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Omar Sosa-Tzec: Design-Oriented Research Collaboration

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Stamps Professor Omar Sosa-Tzec collaborated with Professor Jordan E. Beck (Milwaukee School of Engineering) and Professor John M. Carrol (Pennsylvania State University) in a research project that seeks to redefine the notion of reference in interaction design-oriented academic publications. 

One of the research approaches that are gaining momentum among interaction design researchers is research-through-design. This research approach makes use of methodologies and practices from design, regarding it as a legitimate form of inquiry. Research-through-design focuses on the creation of an artifact that embodies the researcher’s current understanding of a complex situation. Rather than creating a commercial product, research-through-design aims at advancing interaction design.

However, the current academic publication model makes it challenging to convey the design features of the artifact. Beck, Sosa-Tzec, and Carroll introduce a new form of reference referred to as a visual reference. A visual reference comprises three elements: (1) photograph(s) of the designed artifact; (2) an annotation of this photograph; (3) a diagrammatic representation of the theoretical framework that informed the design of the artifact. These researchers argue that a visual reference supports the dissemination of knowledge derived from design practices.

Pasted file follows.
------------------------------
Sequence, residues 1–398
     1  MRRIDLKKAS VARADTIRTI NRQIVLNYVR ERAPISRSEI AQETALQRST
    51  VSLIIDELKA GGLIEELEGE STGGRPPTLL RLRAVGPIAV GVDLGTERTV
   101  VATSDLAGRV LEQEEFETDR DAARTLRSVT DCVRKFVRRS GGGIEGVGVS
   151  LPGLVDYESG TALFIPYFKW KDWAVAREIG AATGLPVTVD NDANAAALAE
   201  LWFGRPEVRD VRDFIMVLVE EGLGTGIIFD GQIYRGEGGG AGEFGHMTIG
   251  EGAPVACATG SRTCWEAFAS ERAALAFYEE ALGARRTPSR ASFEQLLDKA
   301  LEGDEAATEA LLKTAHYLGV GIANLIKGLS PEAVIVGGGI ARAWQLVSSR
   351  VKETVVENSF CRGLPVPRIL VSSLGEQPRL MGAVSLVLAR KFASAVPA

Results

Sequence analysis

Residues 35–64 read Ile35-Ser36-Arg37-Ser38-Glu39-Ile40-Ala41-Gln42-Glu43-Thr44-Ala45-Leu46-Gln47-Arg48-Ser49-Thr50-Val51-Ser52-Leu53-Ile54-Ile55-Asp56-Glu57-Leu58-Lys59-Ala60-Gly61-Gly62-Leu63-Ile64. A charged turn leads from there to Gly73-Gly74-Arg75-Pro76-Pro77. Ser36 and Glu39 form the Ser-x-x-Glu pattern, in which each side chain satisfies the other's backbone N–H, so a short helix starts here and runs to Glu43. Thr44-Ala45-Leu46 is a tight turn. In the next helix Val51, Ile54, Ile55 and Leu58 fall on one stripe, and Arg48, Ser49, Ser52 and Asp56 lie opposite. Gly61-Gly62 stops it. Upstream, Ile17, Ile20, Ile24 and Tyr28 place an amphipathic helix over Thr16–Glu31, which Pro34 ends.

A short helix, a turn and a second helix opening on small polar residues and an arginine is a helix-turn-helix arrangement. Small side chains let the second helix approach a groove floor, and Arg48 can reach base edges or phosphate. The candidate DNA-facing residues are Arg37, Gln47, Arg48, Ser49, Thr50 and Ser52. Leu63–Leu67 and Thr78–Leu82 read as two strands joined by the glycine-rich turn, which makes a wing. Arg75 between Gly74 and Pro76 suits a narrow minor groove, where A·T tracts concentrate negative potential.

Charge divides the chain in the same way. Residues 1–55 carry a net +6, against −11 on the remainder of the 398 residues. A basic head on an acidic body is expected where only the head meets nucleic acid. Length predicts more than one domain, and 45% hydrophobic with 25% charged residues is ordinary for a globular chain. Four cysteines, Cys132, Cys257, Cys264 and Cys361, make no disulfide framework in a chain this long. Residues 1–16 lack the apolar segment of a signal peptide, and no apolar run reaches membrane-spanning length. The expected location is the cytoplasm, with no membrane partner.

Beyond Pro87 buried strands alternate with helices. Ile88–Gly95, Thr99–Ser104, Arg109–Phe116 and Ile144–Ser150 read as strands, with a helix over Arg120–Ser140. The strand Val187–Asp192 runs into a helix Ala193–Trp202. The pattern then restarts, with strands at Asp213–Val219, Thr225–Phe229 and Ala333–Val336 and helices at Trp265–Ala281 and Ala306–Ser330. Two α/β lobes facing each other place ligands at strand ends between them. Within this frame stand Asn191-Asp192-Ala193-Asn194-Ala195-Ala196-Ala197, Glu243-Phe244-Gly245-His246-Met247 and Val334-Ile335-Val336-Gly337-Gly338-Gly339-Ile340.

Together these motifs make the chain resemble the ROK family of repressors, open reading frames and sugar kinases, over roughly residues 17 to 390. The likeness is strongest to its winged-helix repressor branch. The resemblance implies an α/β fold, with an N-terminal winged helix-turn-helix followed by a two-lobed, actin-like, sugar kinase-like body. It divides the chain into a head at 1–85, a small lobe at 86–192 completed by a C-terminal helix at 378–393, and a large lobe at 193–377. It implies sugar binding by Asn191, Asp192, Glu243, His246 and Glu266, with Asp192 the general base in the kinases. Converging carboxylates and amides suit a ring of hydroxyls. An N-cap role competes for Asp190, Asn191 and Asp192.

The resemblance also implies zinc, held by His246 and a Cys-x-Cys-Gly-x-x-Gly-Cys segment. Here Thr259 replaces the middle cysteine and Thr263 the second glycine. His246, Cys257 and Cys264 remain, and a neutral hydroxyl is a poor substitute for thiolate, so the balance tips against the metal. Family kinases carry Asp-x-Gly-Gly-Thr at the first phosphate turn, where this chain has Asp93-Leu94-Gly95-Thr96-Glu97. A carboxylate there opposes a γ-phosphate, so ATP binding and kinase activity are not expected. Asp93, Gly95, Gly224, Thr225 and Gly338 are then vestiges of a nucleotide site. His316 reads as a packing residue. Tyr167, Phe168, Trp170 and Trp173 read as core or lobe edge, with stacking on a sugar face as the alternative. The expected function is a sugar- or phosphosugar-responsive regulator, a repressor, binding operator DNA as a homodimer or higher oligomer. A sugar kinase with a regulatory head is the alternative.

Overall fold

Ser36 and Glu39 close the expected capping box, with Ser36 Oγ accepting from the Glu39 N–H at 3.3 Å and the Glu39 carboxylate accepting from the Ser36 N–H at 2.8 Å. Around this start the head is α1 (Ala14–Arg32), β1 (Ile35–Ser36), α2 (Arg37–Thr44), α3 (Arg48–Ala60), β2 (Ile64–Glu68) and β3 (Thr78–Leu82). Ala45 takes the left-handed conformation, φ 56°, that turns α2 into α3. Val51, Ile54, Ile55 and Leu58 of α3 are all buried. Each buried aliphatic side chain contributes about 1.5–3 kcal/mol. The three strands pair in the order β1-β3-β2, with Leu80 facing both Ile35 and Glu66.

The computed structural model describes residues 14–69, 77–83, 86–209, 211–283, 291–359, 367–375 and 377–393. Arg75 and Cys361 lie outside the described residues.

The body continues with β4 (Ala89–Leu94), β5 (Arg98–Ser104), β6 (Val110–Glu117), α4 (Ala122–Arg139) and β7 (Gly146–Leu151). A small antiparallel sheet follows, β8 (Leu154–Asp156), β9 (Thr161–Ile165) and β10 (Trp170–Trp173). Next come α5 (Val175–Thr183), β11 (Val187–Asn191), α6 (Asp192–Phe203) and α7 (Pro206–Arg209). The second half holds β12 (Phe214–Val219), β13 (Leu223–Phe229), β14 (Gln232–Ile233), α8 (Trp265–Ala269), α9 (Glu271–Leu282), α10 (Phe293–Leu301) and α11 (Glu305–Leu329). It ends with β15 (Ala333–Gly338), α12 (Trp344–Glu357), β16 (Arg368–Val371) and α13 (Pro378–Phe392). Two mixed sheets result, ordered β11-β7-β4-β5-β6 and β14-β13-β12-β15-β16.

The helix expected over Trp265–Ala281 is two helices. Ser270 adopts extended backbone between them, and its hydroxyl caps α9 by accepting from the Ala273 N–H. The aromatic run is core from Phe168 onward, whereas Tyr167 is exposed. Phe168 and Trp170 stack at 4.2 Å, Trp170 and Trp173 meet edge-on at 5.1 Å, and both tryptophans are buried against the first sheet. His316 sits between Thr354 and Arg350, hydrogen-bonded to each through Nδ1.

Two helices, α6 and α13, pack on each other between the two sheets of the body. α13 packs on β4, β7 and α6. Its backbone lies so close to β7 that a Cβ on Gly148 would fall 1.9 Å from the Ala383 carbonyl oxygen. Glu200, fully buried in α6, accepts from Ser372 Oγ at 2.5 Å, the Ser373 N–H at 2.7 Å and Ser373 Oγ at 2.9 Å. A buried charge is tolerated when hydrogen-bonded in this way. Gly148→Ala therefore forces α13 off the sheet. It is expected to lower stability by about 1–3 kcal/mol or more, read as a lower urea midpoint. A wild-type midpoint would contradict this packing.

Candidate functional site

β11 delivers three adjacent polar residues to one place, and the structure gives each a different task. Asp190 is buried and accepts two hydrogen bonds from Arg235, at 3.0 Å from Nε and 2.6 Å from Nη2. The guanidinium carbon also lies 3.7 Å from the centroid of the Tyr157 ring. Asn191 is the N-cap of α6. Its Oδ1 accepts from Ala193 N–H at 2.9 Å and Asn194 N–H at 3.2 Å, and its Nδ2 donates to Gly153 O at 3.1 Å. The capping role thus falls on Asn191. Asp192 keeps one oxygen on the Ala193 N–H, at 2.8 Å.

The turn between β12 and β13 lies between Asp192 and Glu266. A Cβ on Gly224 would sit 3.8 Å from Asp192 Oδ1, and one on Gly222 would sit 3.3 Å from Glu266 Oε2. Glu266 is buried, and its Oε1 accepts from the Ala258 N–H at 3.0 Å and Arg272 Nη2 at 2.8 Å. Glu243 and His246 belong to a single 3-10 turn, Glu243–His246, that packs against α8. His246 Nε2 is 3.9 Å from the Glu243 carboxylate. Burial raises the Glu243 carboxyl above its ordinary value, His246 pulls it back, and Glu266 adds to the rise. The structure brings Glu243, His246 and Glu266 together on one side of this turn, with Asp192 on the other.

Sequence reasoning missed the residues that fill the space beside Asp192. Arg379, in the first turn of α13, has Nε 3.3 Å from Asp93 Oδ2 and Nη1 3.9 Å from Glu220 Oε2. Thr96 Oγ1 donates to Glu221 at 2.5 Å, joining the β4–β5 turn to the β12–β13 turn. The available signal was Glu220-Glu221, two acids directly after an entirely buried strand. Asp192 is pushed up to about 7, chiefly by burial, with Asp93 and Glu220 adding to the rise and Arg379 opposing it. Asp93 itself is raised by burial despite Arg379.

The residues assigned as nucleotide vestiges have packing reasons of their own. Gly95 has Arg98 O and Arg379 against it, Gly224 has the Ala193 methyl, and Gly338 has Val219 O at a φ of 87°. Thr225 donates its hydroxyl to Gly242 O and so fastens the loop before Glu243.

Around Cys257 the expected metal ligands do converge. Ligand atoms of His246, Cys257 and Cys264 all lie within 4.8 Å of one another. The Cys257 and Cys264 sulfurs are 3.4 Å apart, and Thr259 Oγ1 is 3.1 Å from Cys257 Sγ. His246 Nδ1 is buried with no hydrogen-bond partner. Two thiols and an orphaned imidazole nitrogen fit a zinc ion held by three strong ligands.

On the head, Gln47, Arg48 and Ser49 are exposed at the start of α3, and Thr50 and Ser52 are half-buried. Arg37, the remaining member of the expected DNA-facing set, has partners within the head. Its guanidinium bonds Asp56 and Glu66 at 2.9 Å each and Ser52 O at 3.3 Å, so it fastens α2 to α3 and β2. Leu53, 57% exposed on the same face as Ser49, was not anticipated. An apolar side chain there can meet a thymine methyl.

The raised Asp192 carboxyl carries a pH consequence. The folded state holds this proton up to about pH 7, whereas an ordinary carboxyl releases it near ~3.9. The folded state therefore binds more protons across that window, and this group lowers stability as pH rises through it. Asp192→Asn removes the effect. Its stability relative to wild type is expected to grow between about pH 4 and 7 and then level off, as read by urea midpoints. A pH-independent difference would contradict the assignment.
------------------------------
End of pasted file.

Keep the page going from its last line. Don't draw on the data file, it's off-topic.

On behalf of his collaborators, Sosa-Tzec presented this research and the notion of visual reference to the attendees of the 2019 conference of Association for Computing Machinery (ACM) Special Interest Group for Design of Communication (SIGDOC). This conference took place this past October 4 – 6, 2019, in Portland, Oregon. In the presentation of this work at SIGDOC 2019, Sosa-Tzec commented that this research will benefit design-oriented research as it fills the gap created by the current publication format, which favors text while constraining visual thinking and making. Design is a legitimate form of inquiry, and as such, it needs more effective dissemination forms to illustrate how the designed artifact contributed to advancing interaction design.